China.Hawaii Chamber of Commerce ®
Hong Kong.Hawaii Chamber of Commerce ®
Hong Kong.China.Hawaii Chamber of Commerce ®

"Hawaii-China Guan Xi, We Get Things Done" - Trade Advocacy Organization

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Makai Motion Pictures LLC

 Johnson Choi on Hong Kong investments with Hawaii filmmakers - Asia in Review host Jay Fidell in a discussion with Johnson Choi, President of the Hong Kong.China.Hawaii Chamber of Commerce on his recent (July 2010) trip to Shanghai and Hong Kong and on Hong Kong investments with Hawaii filmmakers or download video click:

  Brand Hong Kong Video

Basic Law of Hong Kong SAR Guaranteed One Country Two System for 50 Years

The U.S. Commercial Service in China offers valuable assistance to U.S. businesses exporting goods and services to China. Our trade specialists can help you identify trade opportunities and local trading partners from our Embassy in Beijing, our four consulates1 in Shanghai, Guangzhou, Chengdu and Shenyang and 14 newly emerging markets2. From these locations we can access all of China!
 Hong Kong Trade Development Council (HKTDC) Market Intelligence > China

March 18 2011

Hong Kong's Digital Magic 

 Investing early in the technology helped Digital Magic expand quickly into 3D production 

View Video Presentation: Hong Kong film-makers are capitalising on growing interest in three-dimensional movies following the record-breaking box-office success of Avatar, according to the head of an influential trade group representing local production professionals. In an interview with the HKTDC, Percy Fung, from the Association of Motion Picture Post Production Professionals, said he expects next week's FILMART to be a perfect forum for exploring new partnerships and digital technology. or

From the 1960s comics of Alfonso Wong to today’s on-screen adventures of Alice Mak’s McDull, Hong Kong’s illustrated creations have long been admired internationally. And, as the digital entertainment world has evolved over the last few decades, the local industry has kept pace with cutting-edge global developments in technology and style.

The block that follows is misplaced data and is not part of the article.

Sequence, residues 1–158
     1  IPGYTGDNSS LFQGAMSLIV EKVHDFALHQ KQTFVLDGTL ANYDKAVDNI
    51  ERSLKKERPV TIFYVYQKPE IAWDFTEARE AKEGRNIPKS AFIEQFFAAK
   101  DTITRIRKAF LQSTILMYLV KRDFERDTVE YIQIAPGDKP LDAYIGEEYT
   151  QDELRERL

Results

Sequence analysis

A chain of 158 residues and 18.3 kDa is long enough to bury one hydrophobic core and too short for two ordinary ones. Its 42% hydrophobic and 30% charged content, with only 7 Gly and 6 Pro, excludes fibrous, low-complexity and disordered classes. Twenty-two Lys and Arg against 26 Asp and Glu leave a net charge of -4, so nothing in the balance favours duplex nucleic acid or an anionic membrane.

The limits of what can now be created have never reached so far, and the opportunities stretch from animation, to post-production work and such diverse industries as gaming and merchandising.

The rewards can be impressive. Last year saw one animated film (Toy Story 3) and another that relied heavily on computer-generated imagery (Alice In Wonderland) top the charts, each ringing in more than US$1 billion at the box office. Those sorts of returns have helped inspire the work of Hong Kong’s T-Films, according to Distribution and Production Manager Charlie Wong.

“Animation is a very special industry,” says Mr Wong. “You can say it is a film industry, an entertainment industry, a toy industry, a merchandising industry, and even a copyright branding industry. All these things are involved. And if you can make good-quality, original animation that is accepted by the worldwide market, then you can make huge revenues.”
Home-Grown Animation

While Asian cinemas have seen full houses for the latest offerings from such major players as Disney, Pixar, DreamWorks and Warner Brothers, the locals have been making their mark on the box office as well.

Mr Wong points to the success of the China-produced Pleasant Goat and Big Big Wolf, which was widely released on the Chinese mainland in 2009 and rewarded with box-office returns that topped Rmb130 million. “And that’s without calculating the merchandising revenues,” says Mr Wong. “That's why we are in this business.”

Little Gobie

 Hong Kong’s Little Gobie is set for release this summer in the United States 

Hong Kong has had its own success stories, among them the McDull franchise, which has seen its films chart well, both in Hong Kong and on the mainland. “Hong Kong companies have two advantages,” says Mr Wong. “We have quality and experience, and the world sees us as the gateway to China.”

Mr Wong also cites the success of T-Film’s Little Gobie as an example of how these advantages can best be put to use. The film, which tells the tale of a reindeer and his search for his lost pet dragon, was picked up for international distribution by the American film studio Weinstein Company. It has also been selected to screen at seven festivals across the United States, picking up the award for best animated production at the California Film Awards last year.

“We are planning to release Little Gobie this summer in the US and, of course, European countries will be following the US market,” says Mr Wong. “This can prove to the world that Hong Kong has the quality and experience to produce good animation.”

As Hong Kong productions are allowed on the mainland market through the Hong Kong-mainland Closer Economic Partnership Arrangement (CEPA), Mr Wong says that the local industry is primed for international interest – and investment. And, he says, success breeds success.